Tananarive Due

Author, Screenwriter, Professor |
TANANARIVE DUE (tah-nah-nah-REEVE doo) is an award-winning author who teaches Black Horror and Afrofuturism at UCLA. She is an executive producer on Shudder's groundbreaking documentary Horror Noire: A History of Black Horror. She and her husband/collaborator Steven Barnes wrote "A Small Town" for Season 2 of "The Twilight Zone" on CBS All Access. A leading voice in black speculative fiction for more than 20 years, Due has won an American Book Award, an NAACP Image Award, and a British Fantasy Award, and her writing has been included in best-of-the-year anthologies.

Presentations from Facing Race 2020

Black Histories, Black Fiction, Black Futures: Writing Paths to Freedom

Toni Cade Bambara once wrote: “Words set things in motion. I’ve seen them doing it. Words set up atmospheres, electrical fields, charges. I’ve felt them doing it. Words conjure.” Indeed, perhaps nowhere is this most evident today than in the world-building words of Black writers of Speculative Fiction. Amidst the looping history of Black resistance, Rivers Solomon and Tananarive Due have each woven new visions of the past, present and futures. Straddling multiple genres and timelines, these authors who weave stories from the threads of Black history. Through their writings, they voice reckonings, reveal true world horrors and carve new possibilities. Their books are a salve against the wounds of racist lies, and warning signs against the doom of repeating the past.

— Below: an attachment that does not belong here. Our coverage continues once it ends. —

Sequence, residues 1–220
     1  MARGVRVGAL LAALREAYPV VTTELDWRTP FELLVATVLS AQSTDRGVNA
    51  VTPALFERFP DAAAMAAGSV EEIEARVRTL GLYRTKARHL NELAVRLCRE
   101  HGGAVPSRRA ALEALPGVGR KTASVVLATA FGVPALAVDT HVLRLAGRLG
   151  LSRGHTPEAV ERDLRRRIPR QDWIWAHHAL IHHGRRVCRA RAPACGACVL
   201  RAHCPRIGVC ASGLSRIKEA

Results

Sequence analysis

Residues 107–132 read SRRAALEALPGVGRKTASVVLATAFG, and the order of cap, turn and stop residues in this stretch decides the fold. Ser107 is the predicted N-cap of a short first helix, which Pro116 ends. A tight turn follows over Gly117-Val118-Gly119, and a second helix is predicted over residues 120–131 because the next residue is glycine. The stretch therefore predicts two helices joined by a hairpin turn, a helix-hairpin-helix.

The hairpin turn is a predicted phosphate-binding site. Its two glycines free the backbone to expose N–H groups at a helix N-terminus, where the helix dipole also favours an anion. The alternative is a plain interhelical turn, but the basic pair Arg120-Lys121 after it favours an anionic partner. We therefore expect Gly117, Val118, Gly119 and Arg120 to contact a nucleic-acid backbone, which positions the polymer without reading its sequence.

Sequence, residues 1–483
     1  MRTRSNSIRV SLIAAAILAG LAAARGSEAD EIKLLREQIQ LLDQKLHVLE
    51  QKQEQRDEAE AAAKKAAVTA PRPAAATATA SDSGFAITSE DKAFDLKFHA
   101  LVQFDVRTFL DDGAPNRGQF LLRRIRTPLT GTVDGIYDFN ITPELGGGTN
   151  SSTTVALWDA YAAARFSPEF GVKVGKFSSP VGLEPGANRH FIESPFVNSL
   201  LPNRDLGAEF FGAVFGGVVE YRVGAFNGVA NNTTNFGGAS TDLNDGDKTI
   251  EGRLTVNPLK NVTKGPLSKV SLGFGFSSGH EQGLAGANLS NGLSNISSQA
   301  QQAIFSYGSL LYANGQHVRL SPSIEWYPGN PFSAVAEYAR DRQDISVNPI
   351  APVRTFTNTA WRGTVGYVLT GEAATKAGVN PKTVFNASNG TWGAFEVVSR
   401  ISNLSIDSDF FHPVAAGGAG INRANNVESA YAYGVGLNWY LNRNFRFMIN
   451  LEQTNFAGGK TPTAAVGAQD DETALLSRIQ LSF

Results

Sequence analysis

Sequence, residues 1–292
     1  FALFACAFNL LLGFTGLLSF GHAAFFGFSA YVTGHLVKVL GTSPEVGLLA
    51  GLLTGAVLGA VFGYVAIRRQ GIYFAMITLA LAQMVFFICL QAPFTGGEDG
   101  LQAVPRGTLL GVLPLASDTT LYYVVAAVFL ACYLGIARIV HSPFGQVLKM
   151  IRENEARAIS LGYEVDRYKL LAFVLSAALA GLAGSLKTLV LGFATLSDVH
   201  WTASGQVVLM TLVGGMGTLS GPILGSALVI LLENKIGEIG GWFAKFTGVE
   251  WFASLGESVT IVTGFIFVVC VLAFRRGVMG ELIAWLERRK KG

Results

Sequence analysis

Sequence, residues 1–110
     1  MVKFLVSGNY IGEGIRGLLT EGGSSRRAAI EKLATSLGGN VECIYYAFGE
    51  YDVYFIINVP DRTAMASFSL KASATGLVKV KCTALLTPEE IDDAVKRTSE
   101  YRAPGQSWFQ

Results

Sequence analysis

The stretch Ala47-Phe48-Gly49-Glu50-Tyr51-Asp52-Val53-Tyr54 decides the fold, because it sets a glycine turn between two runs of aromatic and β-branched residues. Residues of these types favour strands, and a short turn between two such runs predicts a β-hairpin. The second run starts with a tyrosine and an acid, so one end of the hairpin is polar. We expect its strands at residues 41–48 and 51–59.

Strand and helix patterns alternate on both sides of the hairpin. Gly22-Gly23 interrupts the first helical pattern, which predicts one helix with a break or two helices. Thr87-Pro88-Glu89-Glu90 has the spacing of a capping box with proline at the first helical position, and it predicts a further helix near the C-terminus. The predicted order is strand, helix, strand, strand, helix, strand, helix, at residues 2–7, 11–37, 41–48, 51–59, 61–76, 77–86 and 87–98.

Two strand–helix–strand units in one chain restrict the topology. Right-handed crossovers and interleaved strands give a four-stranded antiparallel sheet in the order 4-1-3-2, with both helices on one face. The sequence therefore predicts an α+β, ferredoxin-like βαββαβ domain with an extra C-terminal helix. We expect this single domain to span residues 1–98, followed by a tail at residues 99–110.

Due, best known for her horror work on the page and now on the screen, draws from her family’s roots in the struggle for Civil Rights. Solomon plumbs the depths of the ocean, outer space and the human mind to re-examine the ravages that Black people have survived. In a live, moderated conversation with Racial Justice Reads founder, Rosana “RC” Cruz, these brilliant visionaries share their inspirations, influences, histories and hopes and ground justice discourse in the legacy of Black authors who write towards liberation.

Moderator(s): Rosana Cruz Speakers: Tananarive Due, Rivers Solomon

Presentations from Facing Race 2018

Afro-futurism and Black Horror

In today’s popular culture, Afrofuturism, Afrosurrealism, and Black Horror are more prominent than ever — from Octavia E. Butler’s novels to Black Panther to Get Out — helping to steer national conversations about race and trauma, including code-switching, microaggressions and black subjugation. Join activist Bree Newsome and author/educator Tananarive Due as they discuss the healing power of horror and science fiction as tools for addressing erasure and creating visionary road maps to black liberation, as well as the role of history in creating black futurity in the arts.

Speakers: Tananarive Due, Bree Newsome

Meet Author: Tananarive Due

Ghost Summer, The Good House and My Soul to Keep (African Immortals Series)

Speakers: Tananarive Due